Bacon: choose wisely


"If it's 'regular' bacon, it is not good for you. Ditto for processed lunch meat and hot dogs. Not only does it contain huge amounts of saturated fat and sodium, processed meat is often preserved with nitrates, which are potentially carcinogenic. A healthier choice would be natural, nitrate-free turkey bacon. Whole Foods has a selection. Oscar Mayer now has nitrate-free beef hot dogs that are low in sodium and fat as well."
--Jackie Keller, wellness coach to the stars

Sugar substitutes: stick to natural

"Be wary of sugar substitutes that contain ingredients you don't recognize or can't pronounce. Touting themselves as lower calorie options, these sweeteners are full of chemicals best left out of your diet. Stick to natural options and limit intake to avoid conditions of insulin resistance and diabetes. Some great low-glycemic sweeteners to consume in moderation include agave nectar, xylitol and stevia."
--Kathryn Flynn, an Oriens Nutrition consultant

Rotisserie foods: a four-hour limit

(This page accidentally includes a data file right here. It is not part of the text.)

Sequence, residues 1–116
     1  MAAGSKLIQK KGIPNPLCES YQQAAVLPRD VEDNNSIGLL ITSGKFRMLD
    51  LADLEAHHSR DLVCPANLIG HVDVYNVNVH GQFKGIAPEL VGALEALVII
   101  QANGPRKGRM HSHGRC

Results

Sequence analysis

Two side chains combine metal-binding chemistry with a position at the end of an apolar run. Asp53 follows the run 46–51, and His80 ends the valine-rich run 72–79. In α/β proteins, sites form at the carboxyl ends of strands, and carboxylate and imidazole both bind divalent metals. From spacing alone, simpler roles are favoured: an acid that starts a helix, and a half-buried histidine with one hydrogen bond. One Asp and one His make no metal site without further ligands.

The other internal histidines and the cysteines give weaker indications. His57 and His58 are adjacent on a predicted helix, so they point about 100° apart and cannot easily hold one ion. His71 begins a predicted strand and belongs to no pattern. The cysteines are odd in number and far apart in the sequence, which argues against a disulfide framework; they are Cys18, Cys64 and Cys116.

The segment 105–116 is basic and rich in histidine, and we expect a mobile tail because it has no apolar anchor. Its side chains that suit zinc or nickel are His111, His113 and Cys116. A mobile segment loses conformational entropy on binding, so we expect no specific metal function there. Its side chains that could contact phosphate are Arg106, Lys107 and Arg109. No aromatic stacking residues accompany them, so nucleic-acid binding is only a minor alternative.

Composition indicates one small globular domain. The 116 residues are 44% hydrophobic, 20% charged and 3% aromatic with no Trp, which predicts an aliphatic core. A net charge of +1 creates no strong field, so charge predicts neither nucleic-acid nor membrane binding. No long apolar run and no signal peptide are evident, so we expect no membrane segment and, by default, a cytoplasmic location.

Just out of the oven, hot rotisserie food is a great way to feed a family. But when "food is held over four hours, not only does the quality deteriorate, the bacteria level increases, especially when employees do not monitor customer interactions in these self-serve stations or the temperature. The required minimum temperature for 'holding' hot food is 135 degrees F., five degrees lower than most states required five years ago. If you are purchasing these foods, buy and eat or immediately take home and chill within the first four hours after it was placed in the rotisserie. Ask questions about the time the food was placed in the holding unit. Ask when someone last checked the temperature with an insertable thermometer instead of a shelf thermometer."
--Charlotte A. Ferrell, a registered dietitian and founder of Simply Fantastic

Canola oil: no miracle oil